A case of development in two cities – Sialkot vs Batala

There are these interesting studies which look at development of two regions seperated by some exogeneous shock like partition, defining state boundaries and so on. Likes of Acemoglu et al have used the idea in interesting ways to show how the regions which were similar one differ now because of quality of institutions.

Gagan Prett Singh of JNU has this fascinating piece looking at similar idea. He looks at how partition of India influenced the destiny of two cities in Punjab – Sialkot and Batala. Sialkot and Batala were similar regions but destiny changed post partition. Sialkot went to Pakistan and Batala to India. Interestingly, Hindu business community was dominant in Sialkot and Muslims in Batala. Both migrated hoping that partition would be temporary. But it was not to be.

Sialkot was famous for its Sports industry and Batala for Steel. Sialkot struggled early on after partition but picked up pace in 1970s. Whereas Batala suffered majorly after the Sikh Militancy. This is also the major point of the author that militancy played a significant role in lowering the economic potential of the region. Hence, it needs fiscal support:

In this note I will critically analyse one argument which claims that the two decades of the Sikh militancy, beginning in the late 1970s and ending in the late 1990s, had a negative effect on the industrial sector of Punjab. Again, the argument is equivocal, for it can neither be denied nor accepted, as the negative impact of militancy cannot be assessed until we compare the industrial growth of Punjab with other industrial zones which escaped a political crisis like the Sikh militancy. Further, even within Punjab, the effect of militancy on industries must have varied across the state, as the northern districts were more affected by the militancy than the southern districts.

It is likely that the negative effect of the militancy must have been most pronounced in the northern districts of Gurdaspur and Amritsar than in their southern counterparts. The industrial sector of Punjab also had another unique character as most of the industries had been earlier shattered by the partition of 1947. For these reasons, to assess the maximum possible effect of militancy on the industry, I will discuss the case of an industrial city which was also the epicentre of Sikh militancy, and I will compare it with another nearby industrial city which escaped the Sikh militancy altogether, for it was located across the border in Pakistan. Both industrial cities had a similar past as they were shattered by the partition of Punjab.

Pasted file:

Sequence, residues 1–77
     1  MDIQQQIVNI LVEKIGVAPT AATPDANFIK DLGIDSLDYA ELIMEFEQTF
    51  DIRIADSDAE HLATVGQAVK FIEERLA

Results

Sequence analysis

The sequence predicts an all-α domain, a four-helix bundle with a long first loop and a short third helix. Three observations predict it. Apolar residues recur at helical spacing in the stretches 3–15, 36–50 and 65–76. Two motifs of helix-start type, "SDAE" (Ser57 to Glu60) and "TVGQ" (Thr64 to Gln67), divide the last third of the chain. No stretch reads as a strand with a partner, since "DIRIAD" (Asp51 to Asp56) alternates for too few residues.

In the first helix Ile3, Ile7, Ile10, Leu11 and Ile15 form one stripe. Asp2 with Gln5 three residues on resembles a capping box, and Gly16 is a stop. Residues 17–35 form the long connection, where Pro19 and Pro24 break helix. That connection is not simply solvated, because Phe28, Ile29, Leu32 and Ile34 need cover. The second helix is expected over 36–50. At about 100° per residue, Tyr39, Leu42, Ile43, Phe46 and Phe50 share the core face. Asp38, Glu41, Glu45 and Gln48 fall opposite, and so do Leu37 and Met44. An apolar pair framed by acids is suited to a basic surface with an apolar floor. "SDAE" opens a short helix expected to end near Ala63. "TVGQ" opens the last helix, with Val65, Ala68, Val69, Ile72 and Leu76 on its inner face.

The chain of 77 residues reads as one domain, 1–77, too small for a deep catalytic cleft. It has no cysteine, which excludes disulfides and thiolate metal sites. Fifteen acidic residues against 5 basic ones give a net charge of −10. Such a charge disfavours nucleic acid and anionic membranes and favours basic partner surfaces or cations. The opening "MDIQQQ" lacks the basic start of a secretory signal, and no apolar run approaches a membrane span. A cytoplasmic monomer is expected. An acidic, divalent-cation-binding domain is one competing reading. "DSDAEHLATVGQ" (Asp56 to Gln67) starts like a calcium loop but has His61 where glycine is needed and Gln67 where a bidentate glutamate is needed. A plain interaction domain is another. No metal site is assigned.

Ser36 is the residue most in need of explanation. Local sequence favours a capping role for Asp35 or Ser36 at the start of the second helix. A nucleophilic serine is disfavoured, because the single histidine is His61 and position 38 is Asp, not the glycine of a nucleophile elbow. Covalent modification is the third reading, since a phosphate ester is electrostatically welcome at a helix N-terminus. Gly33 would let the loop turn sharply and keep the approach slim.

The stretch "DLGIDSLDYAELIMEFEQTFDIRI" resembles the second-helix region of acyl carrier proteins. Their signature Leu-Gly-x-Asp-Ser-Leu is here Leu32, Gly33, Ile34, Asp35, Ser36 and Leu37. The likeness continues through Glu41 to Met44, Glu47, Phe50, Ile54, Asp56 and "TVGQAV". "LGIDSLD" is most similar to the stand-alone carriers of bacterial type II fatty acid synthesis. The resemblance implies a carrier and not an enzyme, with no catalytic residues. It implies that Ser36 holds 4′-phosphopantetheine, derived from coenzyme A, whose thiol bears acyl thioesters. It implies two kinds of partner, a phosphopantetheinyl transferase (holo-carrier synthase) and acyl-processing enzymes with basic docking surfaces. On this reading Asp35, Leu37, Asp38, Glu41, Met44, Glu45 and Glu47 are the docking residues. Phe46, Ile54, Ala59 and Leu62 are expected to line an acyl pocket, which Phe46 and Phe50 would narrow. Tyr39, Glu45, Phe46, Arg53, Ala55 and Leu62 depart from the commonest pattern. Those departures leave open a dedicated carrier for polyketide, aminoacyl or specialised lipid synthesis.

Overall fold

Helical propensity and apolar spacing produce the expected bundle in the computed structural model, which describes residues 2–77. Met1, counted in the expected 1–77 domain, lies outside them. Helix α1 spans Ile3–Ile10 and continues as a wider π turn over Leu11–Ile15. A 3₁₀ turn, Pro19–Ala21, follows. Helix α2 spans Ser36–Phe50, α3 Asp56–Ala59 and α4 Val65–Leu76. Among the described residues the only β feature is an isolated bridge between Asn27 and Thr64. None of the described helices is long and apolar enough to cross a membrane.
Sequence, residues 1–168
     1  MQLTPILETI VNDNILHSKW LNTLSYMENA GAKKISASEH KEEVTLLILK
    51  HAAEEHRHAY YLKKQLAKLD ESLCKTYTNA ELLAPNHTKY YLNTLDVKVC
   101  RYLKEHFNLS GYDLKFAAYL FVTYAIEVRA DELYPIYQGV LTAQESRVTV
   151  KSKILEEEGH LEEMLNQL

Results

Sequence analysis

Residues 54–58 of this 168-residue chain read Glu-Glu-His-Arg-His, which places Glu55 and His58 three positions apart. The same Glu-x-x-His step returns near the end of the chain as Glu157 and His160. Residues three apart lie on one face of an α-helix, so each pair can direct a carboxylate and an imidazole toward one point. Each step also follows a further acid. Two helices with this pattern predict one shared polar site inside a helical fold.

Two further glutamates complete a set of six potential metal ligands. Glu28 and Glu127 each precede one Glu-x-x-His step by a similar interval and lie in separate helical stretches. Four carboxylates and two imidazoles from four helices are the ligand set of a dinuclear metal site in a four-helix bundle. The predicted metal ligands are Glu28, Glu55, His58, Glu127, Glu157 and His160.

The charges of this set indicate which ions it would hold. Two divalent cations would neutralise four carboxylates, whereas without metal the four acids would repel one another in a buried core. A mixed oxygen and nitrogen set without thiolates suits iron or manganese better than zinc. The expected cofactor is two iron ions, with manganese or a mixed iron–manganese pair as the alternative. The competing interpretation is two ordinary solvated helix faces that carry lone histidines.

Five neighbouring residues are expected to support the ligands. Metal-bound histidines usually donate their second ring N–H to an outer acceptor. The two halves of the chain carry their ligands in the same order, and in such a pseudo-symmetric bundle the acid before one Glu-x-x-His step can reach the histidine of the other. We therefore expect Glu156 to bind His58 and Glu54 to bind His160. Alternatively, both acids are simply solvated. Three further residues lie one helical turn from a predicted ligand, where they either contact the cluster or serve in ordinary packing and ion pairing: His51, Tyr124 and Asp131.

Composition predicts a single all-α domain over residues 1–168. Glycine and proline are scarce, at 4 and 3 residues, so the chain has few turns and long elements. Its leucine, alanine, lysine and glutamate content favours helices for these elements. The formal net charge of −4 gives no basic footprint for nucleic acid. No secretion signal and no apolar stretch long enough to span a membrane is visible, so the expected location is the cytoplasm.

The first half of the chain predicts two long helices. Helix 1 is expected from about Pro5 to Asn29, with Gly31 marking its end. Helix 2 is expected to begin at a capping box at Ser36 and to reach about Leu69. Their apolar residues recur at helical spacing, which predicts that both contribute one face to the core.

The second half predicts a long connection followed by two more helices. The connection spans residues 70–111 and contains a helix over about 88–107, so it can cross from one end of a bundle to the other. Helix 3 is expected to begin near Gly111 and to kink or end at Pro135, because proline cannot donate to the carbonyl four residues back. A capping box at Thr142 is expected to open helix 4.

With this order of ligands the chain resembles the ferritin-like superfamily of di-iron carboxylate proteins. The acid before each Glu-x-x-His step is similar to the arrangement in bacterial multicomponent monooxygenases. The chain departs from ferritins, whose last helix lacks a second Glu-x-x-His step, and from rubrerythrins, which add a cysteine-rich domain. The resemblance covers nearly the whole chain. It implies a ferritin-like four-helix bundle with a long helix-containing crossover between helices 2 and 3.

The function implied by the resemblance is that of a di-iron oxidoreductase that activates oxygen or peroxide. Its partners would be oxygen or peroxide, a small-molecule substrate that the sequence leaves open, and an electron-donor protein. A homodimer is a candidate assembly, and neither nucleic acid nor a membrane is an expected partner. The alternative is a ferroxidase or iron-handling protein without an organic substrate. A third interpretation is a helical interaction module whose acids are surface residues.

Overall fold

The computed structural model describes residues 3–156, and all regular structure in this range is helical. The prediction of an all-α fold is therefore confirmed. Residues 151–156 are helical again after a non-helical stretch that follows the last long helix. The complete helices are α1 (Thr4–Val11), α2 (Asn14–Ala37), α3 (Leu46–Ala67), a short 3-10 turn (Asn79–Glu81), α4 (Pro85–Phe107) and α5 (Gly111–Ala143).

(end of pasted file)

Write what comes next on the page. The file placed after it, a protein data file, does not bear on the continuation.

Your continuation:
I will discuss and compare the industrial growth of Batala (located in Gurdaspur District of the Indian Punjab) and Sialkot (a border city in Pakistani Punjab), as Batala and Sialkot had similar colonial origins of their industries, and these industries were shattered by the partition, and while Batala suffered as it was the epicentre of militancy (Gill 1997: 10), nearby Sialkot faced no such political crisis. The present study also has some wider implications as it juxtaposes the policies of the governments of India and Pakistan towards two industrial cities located at their respective borders.

Superb narrative:

Apart from these historical reasons, the industry had other reasons for developing in Sialkot. Ideally located in the foothills of Himalayas, the industry benefited from the supply of wood from the adjoining Jammu and Kashmir and the present-day Himachal Pradesh (Weiss 1991: 123). Sialkot had highly-skilled labourers, and the connectivity of Sialkot with railways helped the industry to flourish. World War I gave a major impetus to manufacturing industry in Sialkot, and after the war, Sialkot emerged as a leading exporter of sports goods. Sialkot goods were exported to America, Australia, Africa, Japan, and several other countries. During World War II, Sialkot emerged as an important industrial centre for the supplies of the Allied Forces with such products as sports goods, surgical implements, wood-ware, and cutlery (Director 1943: 23).

By the end of the war, it had become a world famous centre for the manufacturing of sports goods, but it declined after partition, as majority of the businessmen were Hindus and Sikhs, who migrated to India, and the local Muslim workers lacked entrepreneurial skills and contacts to re-establish their business. In Sialkot, the sports goods industry also declined because of the shortage of wood supply as most of the wood came from Jammu and Kashmir, which was cut off from Pakistan after partition. It was, as Illyas Chattha’s work shows, only after the persistent efforts of the Government of Pakistan that Sialkot re-emerged as an industrial centre (2011: 215–21).

In early 20th century, Batala emerged as a major centre for the iron and steel industry. The vast expansion in agriculture in canal colonies resulted in the mechanisation of agriculture in Punjab and a demand for the latest agricultural implements, most of which were imported from Britain. These implements included ploughs, harrows, hoes, drills, chaff cutters and cane crushers. Since most of these implements were expensive as well as unsuitable for Indian agricultural conditions, it resulted in the emergence of a local manufacturing industry which succeeded in replacing the imported implements.

Hmm.. Then destinies changed post partition and post militancy.

History, history, history..

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